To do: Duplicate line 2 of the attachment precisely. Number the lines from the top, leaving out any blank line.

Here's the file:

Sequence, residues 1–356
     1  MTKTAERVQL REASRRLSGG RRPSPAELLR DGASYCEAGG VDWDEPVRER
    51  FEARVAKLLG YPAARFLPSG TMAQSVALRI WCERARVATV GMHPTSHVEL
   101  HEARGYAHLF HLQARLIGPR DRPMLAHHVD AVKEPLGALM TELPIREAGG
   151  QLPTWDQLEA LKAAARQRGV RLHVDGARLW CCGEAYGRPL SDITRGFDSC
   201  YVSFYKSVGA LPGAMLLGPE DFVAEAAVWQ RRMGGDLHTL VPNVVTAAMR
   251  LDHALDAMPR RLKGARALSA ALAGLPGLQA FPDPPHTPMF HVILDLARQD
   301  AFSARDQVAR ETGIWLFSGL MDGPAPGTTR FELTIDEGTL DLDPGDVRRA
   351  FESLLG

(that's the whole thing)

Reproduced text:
     1  MTKTAERVQL REASRRLSGG RRPSPAELLR DGASYCEAGG VDWDEPVRER